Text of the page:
Current Clients:
Craft My Occasion
Kindergarten Toolkit
Our Italian Table
Kimra Luna

Sampling of Past Clients:
While They Slept
The Seaglass Seahorse
Handmade Happiness By Ruth


How to Tailor Content in Your Pinterest Smart Feed

fine tune pinterest smart feed, see relevant content in your smart feed, refine Pinterst newsfeed

How to Tailor the Content you see in your Pinterest Smart Feed: Tutorial and Video!

If you’re tired of scrolling through your Pinterest feed, coming across non-relevant pins for your target market, this tutorial is for you! It’s developed from a video tutorial I created previously. You can watch it here.

In case you didn’t know, your smart feed is the homepage you see when you first log into Pinterest. It’s composed of pins chosen for you based on your pinning habits, followers’ pins, the boards you follow, and the interest you pick when you first sign up or future interests you follow. Your smart feed will update as your habits and settings change.

By tailoring your smart feed, it will become easier to find relevant content to share with your target buyers and pin to your boards. It will pull your boards together into a more organized unit and provide you with an endless supply of content that you don’t have to search Pinterest aimlessly to find.

There are four recommended ways to tailor the content to your board: filtering by Boards, filtering by People, filtering by category, and unfollowing irrelevant boards/topics. I’ve discovered filtering by Boards or Category, and unfollowing boards/topics to be most effective.

Note that if you are using a mobile Pinterest account, you can only unfollow topics from mobile. You can’t follow, so if you’re working on curating your smart feed, hop on a desktop.

Filter by Boards

If you want your smart feed to show you the content you care about rather than what they think you care about, start by searching for a topic like “kids crafts.” Then, look at the filters available at the top of the feed. There’s All Pins (which is the default when you search), Your Pins, Buyable Pins, People, and Boards. Filter the results by Boards rather than All Pins.

When your results come up, you’ll see a series of boards that have those keywords in the title. It’s important to notes that whatever you search for will only yield results for boards with those search terms in the title.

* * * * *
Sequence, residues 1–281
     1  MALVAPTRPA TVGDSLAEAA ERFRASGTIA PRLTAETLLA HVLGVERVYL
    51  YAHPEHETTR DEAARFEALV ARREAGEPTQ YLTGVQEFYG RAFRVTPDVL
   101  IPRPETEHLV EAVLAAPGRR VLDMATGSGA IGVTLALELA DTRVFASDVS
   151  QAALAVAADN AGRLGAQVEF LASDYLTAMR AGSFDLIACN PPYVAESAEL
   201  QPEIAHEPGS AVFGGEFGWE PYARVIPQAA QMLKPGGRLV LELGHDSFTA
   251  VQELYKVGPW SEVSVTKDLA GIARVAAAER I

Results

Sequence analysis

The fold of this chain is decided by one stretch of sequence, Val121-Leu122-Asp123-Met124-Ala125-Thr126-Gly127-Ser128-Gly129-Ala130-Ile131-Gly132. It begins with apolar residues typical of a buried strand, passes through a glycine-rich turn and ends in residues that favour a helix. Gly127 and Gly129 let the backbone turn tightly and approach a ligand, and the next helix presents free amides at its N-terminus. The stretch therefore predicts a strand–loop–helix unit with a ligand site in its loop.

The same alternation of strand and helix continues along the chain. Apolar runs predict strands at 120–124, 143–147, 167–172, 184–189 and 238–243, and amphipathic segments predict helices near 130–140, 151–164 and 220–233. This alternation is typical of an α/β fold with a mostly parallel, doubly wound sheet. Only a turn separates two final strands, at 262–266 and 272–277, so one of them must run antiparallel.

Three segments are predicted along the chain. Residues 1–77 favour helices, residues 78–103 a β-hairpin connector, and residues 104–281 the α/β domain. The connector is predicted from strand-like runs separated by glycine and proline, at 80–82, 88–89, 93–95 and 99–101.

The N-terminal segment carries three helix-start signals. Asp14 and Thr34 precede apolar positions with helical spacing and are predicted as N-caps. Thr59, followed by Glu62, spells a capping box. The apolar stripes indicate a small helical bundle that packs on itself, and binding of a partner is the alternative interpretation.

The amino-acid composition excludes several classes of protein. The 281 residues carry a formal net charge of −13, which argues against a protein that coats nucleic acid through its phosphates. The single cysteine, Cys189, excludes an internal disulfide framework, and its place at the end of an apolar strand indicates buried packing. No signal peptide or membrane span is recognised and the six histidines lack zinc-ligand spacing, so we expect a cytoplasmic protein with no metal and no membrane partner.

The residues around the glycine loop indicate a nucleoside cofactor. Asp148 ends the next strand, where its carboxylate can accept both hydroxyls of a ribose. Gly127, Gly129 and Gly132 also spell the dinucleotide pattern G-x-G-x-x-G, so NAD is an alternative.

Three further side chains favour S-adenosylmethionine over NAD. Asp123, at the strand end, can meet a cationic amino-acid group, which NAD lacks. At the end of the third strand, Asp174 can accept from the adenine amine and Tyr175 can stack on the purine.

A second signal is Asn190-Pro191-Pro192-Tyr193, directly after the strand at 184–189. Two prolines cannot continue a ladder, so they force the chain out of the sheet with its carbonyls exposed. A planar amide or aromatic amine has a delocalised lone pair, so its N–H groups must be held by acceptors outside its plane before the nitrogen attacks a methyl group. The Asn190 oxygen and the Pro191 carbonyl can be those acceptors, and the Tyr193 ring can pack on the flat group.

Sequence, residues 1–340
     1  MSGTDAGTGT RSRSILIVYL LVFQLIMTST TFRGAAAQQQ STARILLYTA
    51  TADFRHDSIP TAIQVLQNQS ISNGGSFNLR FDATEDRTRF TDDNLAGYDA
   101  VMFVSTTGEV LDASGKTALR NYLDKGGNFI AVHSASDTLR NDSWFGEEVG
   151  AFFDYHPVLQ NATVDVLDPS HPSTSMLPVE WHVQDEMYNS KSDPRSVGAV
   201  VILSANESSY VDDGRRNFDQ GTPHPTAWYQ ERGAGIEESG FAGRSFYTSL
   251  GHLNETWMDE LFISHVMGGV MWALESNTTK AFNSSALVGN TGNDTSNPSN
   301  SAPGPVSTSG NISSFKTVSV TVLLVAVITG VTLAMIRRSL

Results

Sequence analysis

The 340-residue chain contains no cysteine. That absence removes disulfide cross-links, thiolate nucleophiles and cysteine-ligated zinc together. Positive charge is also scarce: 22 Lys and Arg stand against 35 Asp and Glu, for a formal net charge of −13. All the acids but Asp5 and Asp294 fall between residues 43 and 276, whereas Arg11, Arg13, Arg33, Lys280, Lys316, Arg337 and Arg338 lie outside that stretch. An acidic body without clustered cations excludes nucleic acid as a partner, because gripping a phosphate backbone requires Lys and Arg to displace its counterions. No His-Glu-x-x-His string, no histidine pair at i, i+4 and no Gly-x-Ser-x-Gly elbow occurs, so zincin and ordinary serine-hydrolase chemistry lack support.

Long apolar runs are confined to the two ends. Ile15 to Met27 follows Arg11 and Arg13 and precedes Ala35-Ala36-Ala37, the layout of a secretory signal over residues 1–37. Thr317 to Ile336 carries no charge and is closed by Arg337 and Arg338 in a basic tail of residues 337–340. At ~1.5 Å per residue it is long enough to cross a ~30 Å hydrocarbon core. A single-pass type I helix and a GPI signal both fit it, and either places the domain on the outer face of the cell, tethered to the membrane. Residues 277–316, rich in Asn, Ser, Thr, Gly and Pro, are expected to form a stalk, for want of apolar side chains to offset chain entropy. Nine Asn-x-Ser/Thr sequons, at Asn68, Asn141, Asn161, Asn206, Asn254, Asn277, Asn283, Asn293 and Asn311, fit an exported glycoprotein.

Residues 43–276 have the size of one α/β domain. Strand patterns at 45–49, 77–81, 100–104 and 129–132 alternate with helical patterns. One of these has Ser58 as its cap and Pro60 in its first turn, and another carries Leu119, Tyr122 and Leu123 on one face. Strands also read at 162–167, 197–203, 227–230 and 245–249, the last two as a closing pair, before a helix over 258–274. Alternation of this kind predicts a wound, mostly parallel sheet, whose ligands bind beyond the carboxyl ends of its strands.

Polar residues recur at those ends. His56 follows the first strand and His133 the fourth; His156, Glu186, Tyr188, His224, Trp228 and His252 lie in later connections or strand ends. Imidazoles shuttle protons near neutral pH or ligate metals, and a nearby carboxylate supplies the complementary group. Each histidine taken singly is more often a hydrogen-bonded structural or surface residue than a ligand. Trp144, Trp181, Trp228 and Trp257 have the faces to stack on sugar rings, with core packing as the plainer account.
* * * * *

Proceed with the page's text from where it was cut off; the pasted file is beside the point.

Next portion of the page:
You’ll have plenty of options available to choose from, but you don’t want to blindly follow all the boards in the search results. Click into the boards and take a look at the content. First, check the number of pins in the board to make sure it will have enough to sustain your needs. You can look at the summary at the top of the page and scroll through the content to make sure it matches your interests.

You can also click on the owner of the board to look at the rest of their content. Chances are if you like the board you see, you’ll like the rest of that person’s content as well. You can also see how many followers the owner has. If they have at least triple digits for followers, you know they’ve been around long enough to provide you quality content.

Browse through each of their boards to see if they have a series of great boards that you want to follow. If you like what you see for your target market, follow the person’s entire account. Otherwise, you can just follow specific boards.

As you look at someone’s account, you can also find groups that the pinner is a part of. You may stumble across some great group boards that you can follow for the benefit of your target audience.

Filter by People

Another way to filter your search results is with the People button. Again, you’ll only get search results with your search term in it. Apply the same methods of discovery you used with the Boards filter to discover boards and people worth following.

I personally prefer to search by Boards first, as it’s more likely to bring up relevant content to be used for your target audience and you’re more likely to find potential buyers within your target niche. Searching for People is more likely to bring up competitors rather than target market buyers. This is good for market research, but it’s not as helpful for curating your smart feed.

Unfollow Boards (or Topics… or People…)

You can also unfollow boards, topics, and people, that are irrelevant to your target market and buyers. This is most important if you have converted your personal Pinterest account into a business account.

To do so, click on your profile, and then click on Following next to your profile picture. It will show you three categories at the top of your boards: Topics, People, and Boards. Go into each of these sections and unfollow all ideas, boards, and people that are not relevant to your target market.

Like I said, this is especially important if you converted and cleaned up a personal account to use as a business account instead, since it’s highly likely many of the topics you followed when you first set up your personal account aren’t really on brand or niched toward your target audience now that you are a business account Pinner. In other words, DO THIS! K?

Follow/Unfollow Whole Categories